Physical Conditioning

I remember receiving a most unusual golf lesson from my father back in the late-1960s when I was a sophomore in high school. Dad was standing there, watching me pound out drive after drive when, all of a sudden, he grabbed me around the shoulders and exclaimed “you’re getting too muscle-bound!” Then, after restraining himself, he explained, “In my day, the pros didn’t do all those calisthenics they’re having you do at school. In dad’s view, too much exercise was causing my body to lose flexibility resulting in my shoulders not turning as freely as they once did. His prescription was to write a letter to my Phys-Ed coach forbidding me to engage in anymore classes.

My father felt that hitting golf balls, walking the course, being well fed and getting plenty of rest was all one needed for peak performance. In this respect, he was like many of his contemporaries on the PGA Tour in the 1930s and 1940s. I’ll joke and say that the heaviest object most of those fellows ever lifted was their golf bag!

However, there were some players back then, who believed in the importance of physical conditioning. Notables such as Gene Sarazen, Byron Nelson, Frank Stranahan and Sam Snead had a huge advantage on the rest because they kept themselves in the best condition. Snead said, “I always kept my body in good shape. Every day I had a routine that included stretching, push-ups and one hundred sit-ups in the morning to keep me toned and limber.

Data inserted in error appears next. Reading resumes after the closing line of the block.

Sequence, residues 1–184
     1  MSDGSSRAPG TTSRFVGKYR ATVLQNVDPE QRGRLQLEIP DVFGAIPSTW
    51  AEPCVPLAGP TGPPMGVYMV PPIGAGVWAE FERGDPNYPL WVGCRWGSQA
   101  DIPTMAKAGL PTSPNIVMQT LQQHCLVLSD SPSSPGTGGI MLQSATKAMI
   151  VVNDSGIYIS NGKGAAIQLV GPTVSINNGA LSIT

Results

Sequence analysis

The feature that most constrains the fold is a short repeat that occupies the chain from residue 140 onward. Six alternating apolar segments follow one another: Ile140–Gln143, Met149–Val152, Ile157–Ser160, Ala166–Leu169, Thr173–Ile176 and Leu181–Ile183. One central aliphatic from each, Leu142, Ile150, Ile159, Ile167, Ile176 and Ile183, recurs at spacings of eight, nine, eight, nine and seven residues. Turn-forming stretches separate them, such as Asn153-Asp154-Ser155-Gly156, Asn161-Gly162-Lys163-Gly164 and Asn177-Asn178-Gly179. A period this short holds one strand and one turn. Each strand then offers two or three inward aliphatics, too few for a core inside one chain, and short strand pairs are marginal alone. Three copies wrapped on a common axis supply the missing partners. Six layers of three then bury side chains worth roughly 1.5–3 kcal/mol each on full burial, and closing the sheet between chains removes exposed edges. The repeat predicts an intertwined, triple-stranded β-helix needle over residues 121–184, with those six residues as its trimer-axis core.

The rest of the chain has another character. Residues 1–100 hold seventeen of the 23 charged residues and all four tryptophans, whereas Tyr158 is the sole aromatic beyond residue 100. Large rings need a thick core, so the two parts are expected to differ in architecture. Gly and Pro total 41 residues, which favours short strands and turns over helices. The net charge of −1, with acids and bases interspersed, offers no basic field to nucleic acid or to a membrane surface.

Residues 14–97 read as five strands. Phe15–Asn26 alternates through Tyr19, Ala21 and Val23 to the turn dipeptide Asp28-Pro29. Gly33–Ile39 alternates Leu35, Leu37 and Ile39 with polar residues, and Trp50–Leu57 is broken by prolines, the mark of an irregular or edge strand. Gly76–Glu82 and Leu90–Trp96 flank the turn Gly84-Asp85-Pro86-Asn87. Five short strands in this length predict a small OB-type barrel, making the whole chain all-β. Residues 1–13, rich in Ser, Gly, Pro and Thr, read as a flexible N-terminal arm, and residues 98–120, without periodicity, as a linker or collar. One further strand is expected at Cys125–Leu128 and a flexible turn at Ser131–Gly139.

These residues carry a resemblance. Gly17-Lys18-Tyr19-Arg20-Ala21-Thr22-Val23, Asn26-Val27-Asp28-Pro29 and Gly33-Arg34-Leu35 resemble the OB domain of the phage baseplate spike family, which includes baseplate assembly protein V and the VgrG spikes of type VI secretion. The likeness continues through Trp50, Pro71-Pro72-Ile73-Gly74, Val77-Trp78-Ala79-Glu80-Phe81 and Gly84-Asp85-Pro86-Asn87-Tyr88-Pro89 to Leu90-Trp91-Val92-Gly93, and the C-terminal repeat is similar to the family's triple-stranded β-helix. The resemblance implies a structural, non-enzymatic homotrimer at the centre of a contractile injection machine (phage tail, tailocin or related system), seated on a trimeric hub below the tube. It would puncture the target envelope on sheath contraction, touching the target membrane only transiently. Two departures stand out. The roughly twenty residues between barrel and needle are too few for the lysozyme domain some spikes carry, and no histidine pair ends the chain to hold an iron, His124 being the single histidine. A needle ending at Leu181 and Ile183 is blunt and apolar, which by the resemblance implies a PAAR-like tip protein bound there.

Today’s PGA Tour is more or less a collection of best practices learned since the early days. Accordingly, mobile fitness and therapy centers follow the circuit throughout the year. In these rehab and conditioning facilities, players can receive treatment for injuries and conduct a complete workout regimen.

These expandable trailers are large enough to accommodate multiple players at one time. They are open for business as early as 5 a.m. to roughly 7 p.m. to allow players the option to come in before or after starting times, or both.

The fitness trailer is staffed by certified athletic trainers specializing in strength and conditioning. The center is furnished with an array of cardiovascular equipment such as treadmills, elliptical machines and stationary bikes along with a selection of weights – both free weights and resistive training stations – as well as exercise balls, balance equipment and other apparatus.

In conclusion: To avoid injuries and prolong your career; before playing golf, warm-up exercises should be performed to increase flexibility and blood flow. Exercises should include neck range of motion, shoulder stretches, trunk side-bends and rotations, and hamstring stretches. A golfer should also spend a few minutes at the practice tee, hitting balls and putting before the game begins.

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